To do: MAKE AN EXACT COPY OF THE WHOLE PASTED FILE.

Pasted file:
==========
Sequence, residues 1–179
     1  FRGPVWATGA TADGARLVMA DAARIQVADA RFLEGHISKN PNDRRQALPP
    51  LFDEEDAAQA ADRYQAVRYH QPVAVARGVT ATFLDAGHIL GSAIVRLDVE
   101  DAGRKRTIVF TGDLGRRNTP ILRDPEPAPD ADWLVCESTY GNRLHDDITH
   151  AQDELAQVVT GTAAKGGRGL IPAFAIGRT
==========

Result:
Sequence, residues 1–179
     1  FRGPVWATGA TADGARLVMA DAARIQVADA RFLEGHISKN PNDRRQALPP
    51  LFDEEDAAQA ADRYQAVRYH QPVAVARGVT ATFLDAGHIL GSAIVRLDVE
   101  DAGRKRTIVF TGDLGRRNTP ILRDPEPAPD ADWLVCESTY GNRLHDDITH
   151  AQDELAQVVT GTAAKGGRGL IPAFAIGRT